Fetal alcohol syndrome is among the most common known causes of mental retardation and as such, it is a major public health problem.
Dr. Ed Riley
Department of Psychology
San Diego State University
Center for Behavior Teratology
6363 Alverado Court, Suite 209
San Diego, Ca 92120
Dr. Carrie Randall
Medical University of South Carolina
Institute of Psychiatry
Center for Drug & Alcohol Programs
171 Ashley Avenue
Charleston, SC 29425-0742
Fetal alcohol syndrome is among the most common known causes of mental retardation and as such, it is a major public health problem. The purpose of this lecture is to provide a basic overview of what we know about the effects of prenatal alcohol exposure. It is certainly not meant to be comprehensive but rather to give a broad overview of current knowledge in the area, and of ongoing human and animal research in the area. Heavy prenatal alcohol exposure can result in the fetal alcohol syndrome and both changes in brain structure and behavior have been reported in these children. Importantly, current data indicate that individuals exposed to heavy doses of alcohol in utero, but without the facial characteristics of FAS, can also suffer from similar brain and behavioral changes. Animal models have proven to be an excellent research tool in this field, as there appears to be good concordance between the animal and human data. The animal models provide a means to examine mechanisms of alcohol damage, to control for factors not possible in most human studies, and to help answer important clinical questions. Fetal alcohol effects are preventable, and every child born with a defect related to prenatal alcohol exposure indicates a failure of the health care system. Fetal Alcohol Syndrome is a devastating developmental disorder that affects children born to women who abuse alcohol during pregnancy. Although FAS is entirely preventable, and in spite of our increasing knowledge about the effects of prenatal alcohol exposure, children continue to be born exposed to high amounts of alcohol. It's consequences affect the individual, the family, and society. Its costs are tremendous, both personally and financially. Effective treatment and prevention strategies must be developed and made available. Fetal alcohol syndrome is among the most common known causes of mental retardation and as such, it is a major public health problem. The purpose of this lecture is to provide a basic overview of what we know about the effects of prenatal alcohol exposure. It is certainly not meant to be comprehensive. For more a detailed overview, the references at the end of the presentation might be helpful. It is important to remember that as the mother consumes alcohol and her blood alcohol level rises, that alcohol is freely crossing the placenta and the embryo or fetus is being exposed to the same blood alcohol levels. This is a program ongoing in Seattle and which has been replicated in other communities. It began in 1991 to test the efficacy of an intensive, long term paraprofessional advocacy with high risk mothers who abused alcohol or drugs during pregnancy. Women became involved when they give birth to a child who was exposed to alcohol or drugs prenatally. They received intensive interaction with a case worker who acts as an advocate, getting them in touch with appropriate services. The results are impressive, with fewer subsequent children born exposed to alcohol or drugs, reduced foster care placement and a reduction in the dependence of welfare. Other positive outcomes are an increase in family planning and child well-being.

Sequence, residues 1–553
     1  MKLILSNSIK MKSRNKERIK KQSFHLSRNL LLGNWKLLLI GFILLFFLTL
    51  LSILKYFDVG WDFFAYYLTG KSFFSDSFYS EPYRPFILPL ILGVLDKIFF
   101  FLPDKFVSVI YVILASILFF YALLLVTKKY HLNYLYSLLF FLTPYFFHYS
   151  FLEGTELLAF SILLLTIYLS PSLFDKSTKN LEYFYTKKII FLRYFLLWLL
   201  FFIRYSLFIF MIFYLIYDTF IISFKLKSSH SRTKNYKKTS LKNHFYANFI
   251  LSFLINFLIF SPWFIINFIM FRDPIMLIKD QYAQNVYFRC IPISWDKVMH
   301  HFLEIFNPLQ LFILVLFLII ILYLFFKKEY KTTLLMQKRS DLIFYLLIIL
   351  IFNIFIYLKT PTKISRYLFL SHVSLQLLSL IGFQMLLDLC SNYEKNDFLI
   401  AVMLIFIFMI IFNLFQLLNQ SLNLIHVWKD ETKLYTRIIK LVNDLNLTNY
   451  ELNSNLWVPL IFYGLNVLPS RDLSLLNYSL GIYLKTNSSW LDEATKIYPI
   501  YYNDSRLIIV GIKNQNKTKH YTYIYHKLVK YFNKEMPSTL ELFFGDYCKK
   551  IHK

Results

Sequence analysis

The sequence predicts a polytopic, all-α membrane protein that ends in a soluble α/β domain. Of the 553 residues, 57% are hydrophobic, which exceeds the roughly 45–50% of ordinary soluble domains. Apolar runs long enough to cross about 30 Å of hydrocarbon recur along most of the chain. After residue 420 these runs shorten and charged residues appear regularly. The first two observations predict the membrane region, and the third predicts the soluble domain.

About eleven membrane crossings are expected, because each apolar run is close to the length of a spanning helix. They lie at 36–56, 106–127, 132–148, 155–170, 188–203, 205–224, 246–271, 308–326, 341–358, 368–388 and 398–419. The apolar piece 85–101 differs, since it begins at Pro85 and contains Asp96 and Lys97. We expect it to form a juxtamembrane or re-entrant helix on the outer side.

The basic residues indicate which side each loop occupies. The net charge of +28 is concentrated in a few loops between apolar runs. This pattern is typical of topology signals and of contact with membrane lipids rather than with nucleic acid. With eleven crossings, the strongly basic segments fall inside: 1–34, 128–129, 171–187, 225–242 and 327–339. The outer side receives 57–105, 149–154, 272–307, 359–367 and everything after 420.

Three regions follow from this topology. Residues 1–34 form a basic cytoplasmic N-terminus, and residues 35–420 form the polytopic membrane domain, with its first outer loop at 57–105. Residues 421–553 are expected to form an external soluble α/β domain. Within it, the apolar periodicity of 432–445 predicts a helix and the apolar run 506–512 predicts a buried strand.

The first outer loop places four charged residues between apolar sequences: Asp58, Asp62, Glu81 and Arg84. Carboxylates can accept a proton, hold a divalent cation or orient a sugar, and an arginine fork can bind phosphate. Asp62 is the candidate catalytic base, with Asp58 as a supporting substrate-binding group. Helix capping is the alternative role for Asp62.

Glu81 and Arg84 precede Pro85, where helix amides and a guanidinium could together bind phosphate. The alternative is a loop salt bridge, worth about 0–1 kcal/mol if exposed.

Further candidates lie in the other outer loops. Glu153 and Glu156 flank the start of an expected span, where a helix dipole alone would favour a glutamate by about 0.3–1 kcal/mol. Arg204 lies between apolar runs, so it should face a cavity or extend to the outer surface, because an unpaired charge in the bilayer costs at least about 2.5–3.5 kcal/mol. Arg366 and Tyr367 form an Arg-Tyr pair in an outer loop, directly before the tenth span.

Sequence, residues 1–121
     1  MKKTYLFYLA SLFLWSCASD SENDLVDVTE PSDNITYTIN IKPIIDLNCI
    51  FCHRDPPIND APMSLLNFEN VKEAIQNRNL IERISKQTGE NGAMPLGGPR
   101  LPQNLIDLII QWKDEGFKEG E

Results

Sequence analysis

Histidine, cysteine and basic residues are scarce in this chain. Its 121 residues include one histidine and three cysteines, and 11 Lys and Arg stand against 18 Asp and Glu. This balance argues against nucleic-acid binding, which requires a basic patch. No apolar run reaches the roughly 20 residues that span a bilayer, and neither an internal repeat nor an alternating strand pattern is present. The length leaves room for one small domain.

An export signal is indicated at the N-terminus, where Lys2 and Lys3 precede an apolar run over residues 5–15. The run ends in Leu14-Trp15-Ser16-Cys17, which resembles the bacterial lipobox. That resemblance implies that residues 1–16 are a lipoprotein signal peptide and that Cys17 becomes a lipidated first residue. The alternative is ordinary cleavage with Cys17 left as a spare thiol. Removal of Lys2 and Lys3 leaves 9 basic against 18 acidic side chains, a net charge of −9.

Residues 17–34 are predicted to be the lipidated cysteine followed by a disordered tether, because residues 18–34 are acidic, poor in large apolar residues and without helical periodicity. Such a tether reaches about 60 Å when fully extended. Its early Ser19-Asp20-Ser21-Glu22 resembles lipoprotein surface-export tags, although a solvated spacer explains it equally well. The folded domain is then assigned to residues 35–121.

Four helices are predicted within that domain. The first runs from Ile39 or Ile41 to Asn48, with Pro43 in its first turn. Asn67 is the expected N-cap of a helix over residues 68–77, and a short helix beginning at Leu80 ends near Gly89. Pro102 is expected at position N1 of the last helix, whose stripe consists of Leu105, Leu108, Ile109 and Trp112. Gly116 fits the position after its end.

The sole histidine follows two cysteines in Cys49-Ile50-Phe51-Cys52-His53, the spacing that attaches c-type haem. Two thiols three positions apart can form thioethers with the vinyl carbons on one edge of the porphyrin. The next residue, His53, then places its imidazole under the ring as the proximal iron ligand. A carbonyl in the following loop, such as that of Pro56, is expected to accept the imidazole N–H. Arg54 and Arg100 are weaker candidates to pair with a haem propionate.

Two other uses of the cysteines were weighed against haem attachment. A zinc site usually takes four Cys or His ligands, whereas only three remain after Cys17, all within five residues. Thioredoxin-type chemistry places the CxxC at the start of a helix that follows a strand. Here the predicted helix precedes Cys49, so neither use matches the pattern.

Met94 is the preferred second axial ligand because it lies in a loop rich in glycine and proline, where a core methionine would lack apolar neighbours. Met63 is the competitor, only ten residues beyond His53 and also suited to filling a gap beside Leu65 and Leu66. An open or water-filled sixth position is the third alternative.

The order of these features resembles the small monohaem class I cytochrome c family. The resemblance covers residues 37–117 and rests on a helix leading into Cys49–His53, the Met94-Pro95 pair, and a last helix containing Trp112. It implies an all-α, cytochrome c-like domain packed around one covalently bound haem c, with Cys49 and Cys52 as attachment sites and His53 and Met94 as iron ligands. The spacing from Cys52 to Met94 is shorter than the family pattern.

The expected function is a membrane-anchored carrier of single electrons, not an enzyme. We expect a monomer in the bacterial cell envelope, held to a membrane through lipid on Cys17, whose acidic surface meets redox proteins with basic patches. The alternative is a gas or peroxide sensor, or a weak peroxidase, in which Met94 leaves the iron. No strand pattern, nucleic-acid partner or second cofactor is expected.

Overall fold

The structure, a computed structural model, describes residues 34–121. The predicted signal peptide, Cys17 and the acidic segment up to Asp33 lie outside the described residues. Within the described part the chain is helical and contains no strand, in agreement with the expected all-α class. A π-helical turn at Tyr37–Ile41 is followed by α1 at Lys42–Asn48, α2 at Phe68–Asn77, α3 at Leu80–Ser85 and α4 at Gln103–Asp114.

West, J.R., Chen, W-J. A., & Pantazis, N.J. (1994) Fetal alcohol syndrome: The vulnerability of the developing brain and possible mechanisms of damage. Metabolic Brain Disease, 9, 291-322.
Ramanathan R; Wilkemeyer MF; Mittal B; Perides G; Charness ME. Alcohol inhibits cell-cell adhesion mediated by human L1. Journal of Cell Biology, 1996 Apr, 133(2):381-90.
Klintsova AY. Cowell RM. Swain RA. Napper RM. Goodlett CR. Greenough WT. Therapeutic effects of complex motor training on motor performance deficits induced by neonatal binge-like alcohol exposure in rats. I. Behavioral results. Brain Research. 800(1):48-61, 1998
Grant, T.M., Ernst, C. C., and Streissguth, A.P. Intervention with high-risk alcohol and drug--abusing mothers: I. Administrative strategies of the Seattle model of paraprofessional advocacy. Journal of Community Psychology, 27, 1, 1-18, 1999
Ernst, C. C. Grant, T.M., Streissguth, A.P. and Sampson, P.D. Intervention with high-risk alcohol and drug--abusing mothers: II. Three-year finds from the Seattle model of paraprofessional advocacy. Journal of Community Psychology, 27, 1, 19-38, 1999
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